My daughter and I were practicing with studio lighting and creating low key photographs when we decided to create a long exposure photograph with her in three different poses. This is one image, nothing was merged in Photoshop to created this. We created this by using a long shutter speed of 13 seconds and one studio light. We set the camera up on the tripod, checked focus, set up the strobe light for the first pose, and shut all of the overhead studio lighting off. I used a wireless remote trigger to start the camera as I manned the strobe light. I fired the strobe light off once the shutter was open for the first pose, then we both moved two steps with the strobe in a lateral line across the scene and repeated step 1 two more times.
The camera’s settings for this photograph were:
- Exposure 13 seconds
- Aperture: F13
- Focal Length: 26 mm
- ISO: 100
- Equipment used: Tripod, weights, a wireless remote, and one studio strobe with a Cone Gobo.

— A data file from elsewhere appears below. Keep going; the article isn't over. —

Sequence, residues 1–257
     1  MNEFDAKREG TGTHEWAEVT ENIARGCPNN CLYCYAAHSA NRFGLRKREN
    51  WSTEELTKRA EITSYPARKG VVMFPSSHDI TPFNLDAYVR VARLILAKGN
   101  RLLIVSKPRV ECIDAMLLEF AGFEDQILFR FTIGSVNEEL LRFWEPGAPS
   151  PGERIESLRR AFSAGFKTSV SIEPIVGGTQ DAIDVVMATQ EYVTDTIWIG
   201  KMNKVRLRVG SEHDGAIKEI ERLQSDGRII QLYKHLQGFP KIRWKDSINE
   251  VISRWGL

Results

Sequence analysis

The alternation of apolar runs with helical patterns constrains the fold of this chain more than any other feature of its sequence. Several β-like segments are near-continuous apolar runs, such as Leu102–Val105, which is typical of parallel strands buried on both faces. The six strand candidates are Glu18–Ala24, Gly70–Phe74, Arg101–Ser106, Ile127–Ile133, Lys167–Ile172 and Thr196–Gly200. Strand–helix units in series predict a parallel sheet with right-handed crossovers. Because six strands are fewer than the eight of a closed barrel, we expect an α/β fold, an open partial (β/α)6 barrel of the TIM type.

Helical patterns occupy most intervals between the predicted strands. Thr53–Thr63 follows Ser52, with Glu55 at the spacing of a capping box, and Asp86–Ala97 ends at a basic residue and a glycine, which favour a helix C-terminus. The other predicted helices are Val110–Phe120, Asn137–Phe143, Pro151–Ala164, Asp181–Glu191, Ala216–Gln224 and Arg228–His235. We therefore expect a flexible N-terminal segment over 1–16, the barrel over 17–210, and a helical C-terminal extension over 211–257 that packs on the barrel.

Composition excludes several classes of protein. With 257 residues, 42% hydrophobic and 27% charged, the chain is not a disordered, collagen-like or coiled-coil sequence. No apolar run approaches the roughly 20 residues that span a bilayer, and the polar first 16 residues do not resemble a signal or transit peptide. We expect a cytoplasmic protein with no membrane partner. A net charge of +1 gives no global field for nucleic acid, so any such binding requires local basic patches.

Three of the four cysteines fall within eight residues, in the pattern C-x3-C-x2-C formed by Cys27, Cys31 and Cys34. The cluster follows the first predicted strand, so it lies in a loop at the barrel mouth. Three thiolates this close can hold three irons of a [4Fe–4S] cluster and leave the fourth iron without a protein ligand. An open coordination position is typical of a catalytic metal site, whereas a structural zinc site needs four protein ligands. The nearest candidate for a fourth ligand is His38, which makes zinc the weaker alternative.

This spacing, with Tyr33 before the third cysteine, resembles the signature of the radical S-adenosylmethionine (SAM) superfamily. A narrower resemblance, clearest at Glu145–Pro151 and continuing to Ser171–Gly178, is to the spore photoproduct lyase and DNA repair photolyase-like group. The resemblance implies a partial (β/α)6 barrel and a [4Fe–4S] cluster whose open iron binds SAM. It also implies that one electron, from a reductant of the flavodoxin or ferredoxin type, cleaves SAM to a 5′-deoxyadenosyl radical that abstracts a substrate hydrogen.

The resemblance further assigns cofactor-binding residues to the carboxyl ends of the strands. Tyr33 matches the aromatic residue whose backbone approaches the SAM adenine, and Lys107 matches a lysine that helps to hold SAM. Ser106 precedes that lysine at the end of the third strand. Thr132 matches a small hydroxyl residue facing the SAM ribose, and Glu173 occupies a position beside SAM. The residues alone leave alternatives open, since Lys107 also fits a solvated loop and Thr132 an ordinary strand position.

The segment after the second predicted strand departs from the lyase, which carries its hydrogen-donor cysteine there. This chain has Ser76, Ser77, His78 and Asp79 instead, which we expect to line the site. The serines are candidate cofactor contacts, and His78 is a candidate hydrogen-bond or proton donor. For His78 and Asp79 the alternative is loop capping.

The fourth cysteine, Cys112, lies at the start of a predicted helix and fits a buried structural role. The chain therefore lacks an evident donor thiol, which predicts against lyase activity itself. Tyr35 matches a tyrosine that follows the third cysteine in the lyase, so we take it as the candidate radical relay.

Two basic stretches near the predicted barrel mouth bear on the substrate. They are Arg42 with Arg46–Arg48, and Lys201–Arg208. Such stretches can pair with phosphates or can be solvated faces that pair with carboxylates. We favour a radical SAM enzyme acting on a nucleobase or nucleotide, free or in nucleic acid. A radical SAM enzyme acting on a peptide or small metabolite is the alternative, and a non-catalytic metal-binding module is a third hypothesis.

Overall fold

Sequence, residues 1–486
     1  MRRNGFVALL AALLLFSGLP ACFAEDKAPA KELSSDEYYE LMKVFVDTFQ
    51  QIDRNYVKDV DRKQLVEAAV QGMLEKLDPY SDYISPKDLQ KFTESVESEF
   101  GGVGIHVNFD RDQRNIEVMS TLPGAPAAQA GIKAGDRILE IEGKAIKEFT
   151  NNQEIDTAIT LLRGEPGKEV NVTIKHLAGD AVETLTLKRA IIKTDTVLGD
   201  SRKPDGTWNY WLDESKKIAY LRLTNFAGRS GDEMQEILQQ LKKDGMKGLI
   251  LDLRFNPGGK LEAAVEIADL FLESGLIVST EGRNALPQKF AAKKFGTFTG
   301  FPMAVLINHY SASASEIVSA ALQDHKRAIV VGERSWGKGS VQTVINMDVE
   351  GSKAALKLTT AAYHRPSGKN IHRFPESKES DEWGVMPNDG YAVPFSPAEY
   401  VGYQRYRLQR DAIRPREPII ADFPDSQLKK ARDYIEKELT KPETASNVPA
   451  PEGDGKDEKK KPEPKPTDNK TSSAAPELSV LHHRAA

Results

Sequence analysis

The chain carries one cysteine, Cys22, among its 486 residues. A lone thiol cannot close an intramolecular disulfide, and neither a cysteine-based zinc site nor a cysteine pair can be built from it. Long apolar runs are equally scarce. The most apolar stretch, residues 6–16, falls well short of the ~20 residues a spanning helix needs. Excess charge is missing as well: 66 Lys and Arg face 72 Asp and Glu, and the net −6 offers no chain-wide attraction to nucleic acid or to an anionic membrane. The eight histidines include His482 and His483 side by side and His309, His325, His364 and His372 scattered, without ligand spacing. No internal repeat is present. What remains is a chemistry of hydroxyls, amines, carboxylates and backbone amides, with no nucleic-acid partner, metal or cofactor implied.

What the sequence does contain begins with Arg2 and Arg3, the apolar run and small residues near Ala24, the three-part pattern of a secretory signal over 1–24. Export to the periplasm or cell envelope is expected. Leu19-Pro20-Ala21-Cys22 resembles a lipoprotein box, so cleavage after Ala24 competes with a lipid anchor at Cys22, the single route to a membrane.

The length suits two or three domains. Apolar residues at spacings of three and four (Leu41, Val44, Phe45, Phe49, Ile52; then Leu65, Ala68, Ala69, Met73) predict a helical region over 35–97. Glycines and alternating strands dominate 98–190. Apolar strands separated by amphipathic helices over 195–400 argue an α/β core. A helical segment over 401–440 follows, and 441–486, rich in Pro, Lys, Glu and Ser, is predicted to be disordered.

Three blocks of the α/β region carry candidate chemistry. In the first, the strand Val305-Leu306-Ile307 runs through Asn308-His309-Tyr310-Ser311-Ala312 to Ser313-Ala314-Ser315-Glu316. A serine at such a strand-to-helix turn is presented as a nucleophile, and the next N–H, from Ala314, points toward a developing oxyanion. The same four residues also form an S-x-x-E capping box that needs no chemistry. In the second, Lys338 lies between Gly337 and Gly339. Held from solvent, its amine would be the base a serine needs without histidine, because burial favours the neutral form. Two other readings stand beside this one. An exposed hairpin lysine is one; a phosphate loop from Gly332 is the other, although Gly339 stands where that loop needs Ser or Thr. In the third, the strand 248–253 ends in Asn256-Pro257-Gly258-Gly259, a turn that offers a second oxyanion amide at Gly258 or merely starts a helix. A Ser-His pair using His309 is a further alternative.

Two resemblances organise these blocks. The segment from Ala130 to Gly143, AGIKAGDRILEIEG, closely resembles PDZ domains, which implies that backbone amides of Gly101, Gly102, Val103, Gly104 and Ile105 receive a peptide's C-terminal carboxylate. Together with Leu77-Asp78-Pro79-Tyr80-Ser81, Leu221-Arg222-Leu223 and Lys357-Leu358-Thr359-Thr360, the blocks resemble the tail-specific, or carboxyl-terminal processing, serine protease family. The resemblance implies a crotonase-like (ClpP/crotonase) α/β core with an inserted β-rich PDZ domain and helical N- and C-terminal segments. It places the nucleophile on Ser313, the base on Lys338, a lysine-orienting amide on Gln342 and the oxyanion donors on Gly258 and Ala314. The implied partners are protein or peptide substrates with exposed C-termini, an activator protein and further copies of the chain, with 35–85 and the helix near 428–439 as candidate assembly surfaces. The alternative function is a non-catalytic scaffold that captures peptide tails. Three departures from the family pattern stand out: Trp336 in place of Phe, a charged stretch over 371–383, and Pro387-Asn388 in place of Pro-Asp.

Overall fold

This image was created for a client for her online retail store. This image was created using a long exposure and light painting with two flash lights. I created this by suspending the mask from a backdrop bar about 12 inches in front of the backdrop. One small pocket flashlight was used to illuminate the backdrop, with a green gel to create the color cast and an aluminum foil cone Gobo attached to control the direction of the light. The second flashlight was used on the mask; this one had a thin piece of Muslin cloth and an aluminum cone Gobo as well. However, this Gobo had a small opening to really control the overflow of light that would have hit the backdrop if one wasn’t used. Both of the flashlights were passed over each of the objects simultaneously to create the appearance of the mask hovering in place.